Human trafficking national crisis in Nigeria; it’s $150 billion market: NAPTIP
Fatima Waziri-Azi, the director-general of the National Agency for the Prohibition of Trafficking in Persons (NAPTIP), says human trafficking is a national crisis in Nigeria.
Ms Waziri-Azi disclosed this on Thursday in Benin at a meeting she held with stakeholders and NAPTIP partners in Edo.
She explained that this was because 83 per cent of trafficking in Nigeria happened within states, within communities, across states and that only 12 per cent accounts for trans-border trafficking.
“Simply because the media spotlight on people in Italy and all that, we think we have more trans-border trafficking. No. Internal trafficking is happening before our eyes. Domestic servitude is a crisis in Nigeria, forced labour too,” stated Ms Waziri-Azi. “Human trafficking is, therefore, a national crisis. Every state is affected, though each state has its own peculiarity.”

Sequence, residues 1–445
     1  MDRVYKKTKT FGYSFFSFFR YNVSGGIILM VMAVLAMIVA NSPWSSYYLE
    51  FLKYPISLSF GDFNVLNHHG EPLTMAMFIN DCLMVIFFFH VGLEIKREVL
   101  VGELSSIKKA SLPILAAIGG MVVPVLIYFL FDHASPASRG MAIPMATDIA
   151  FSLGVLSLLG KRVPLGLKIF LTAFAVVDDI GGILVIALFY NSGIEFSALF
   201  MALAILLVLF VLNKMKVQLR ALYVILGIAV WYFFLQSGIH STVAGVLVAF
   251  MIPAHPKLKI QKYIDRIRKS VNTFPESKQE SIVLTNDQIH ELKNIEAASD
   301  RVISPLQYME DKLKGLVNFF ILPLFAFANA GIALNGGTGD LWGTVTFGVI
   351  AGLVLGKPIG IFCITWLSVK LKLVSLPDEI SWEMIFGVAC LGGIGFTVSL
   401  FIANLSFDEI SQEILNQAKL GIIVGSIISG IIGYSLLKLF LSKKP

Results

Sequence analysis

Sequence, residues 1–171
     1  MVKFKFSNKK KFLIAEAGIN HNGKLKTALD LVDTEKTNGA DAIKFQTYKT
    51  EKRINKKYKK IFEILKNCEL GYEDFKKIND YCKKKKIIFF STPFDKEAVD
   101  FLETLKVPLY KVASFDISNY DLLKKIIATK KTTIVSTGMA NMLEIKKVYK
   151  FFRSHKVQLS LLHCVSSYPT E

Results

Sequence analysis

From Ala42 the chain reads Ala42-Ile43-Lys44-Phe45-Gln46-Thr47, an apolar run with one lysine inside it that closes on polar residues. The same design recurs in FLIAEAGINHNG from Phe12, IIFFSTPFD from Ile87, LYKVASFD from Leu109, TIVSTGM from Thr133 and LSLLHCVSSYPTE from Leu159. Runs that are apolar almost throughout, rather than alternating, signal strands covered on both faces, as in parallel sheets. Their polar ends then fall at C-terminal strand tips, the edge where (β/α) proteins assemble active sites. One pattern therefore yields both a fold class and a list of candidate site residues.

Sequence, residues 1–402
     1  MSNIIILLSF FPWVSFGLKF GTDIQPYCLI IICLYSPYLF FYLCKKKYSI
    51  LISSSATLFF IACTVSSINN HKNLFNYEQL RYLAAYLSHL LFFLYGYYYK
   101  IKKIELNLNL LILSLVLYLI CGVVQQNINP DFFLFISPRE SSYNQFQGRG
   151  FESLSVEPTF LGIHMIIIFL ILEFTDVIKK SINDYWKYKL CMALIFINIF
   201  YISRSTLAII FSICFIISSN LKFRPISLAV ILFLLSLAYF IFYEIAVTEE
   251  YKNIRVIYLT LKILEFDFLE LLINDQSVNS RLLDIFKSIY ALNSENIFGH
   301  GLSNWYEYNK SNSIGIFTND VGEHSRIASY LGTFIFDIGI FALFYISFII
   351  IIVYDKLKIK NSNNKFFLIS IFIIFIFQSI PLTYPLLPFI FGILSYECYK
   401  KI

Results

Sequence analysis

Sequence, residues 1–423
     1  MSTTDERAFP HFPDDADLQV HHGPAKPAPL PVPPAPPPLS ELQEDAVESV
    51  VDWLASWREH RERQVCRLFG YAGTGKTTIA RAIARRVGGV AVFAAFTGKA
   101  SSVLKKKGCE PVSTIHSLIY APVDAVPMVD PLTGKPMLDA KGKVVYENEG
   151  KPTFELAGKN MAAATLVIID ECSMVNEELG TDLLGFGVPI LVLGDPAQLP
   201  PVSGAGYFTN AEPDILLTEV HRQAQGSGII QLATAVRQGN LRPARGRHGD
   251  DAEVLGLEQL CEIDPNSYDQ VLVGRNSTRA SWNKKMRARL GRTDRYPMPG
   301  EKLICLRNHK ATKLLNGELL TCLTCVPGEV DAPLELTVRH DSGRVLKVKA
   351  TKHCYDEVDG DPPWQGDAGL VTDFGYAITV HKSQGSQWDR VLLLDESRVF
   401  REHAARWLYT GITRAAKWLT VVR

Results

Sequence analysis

She urged more sensitisation of the public against human trafficking, noting that there was huge ignorance of the public on issues relating to human trafficking.
“Gone are the days when we think human trafficking is offline. It’s now online. So we have an increase in fake jobs advertorials and fake scholarships. These are the modern trends human traffickers use in luring their victims, with Dubai, India and Cyprus the trending destinations,” she explained.
The NAPTIP director-general described human trafficking as a $150 billion criminal enterprise and the second trans-national organised crime after drug trafficking.
She explained that this was because there were two sides to the crime, as there were the professional criminals enterprise who trafficked people for the sole purpose of killing them and harvesting their organs because of a global shortage of organs for transplant.
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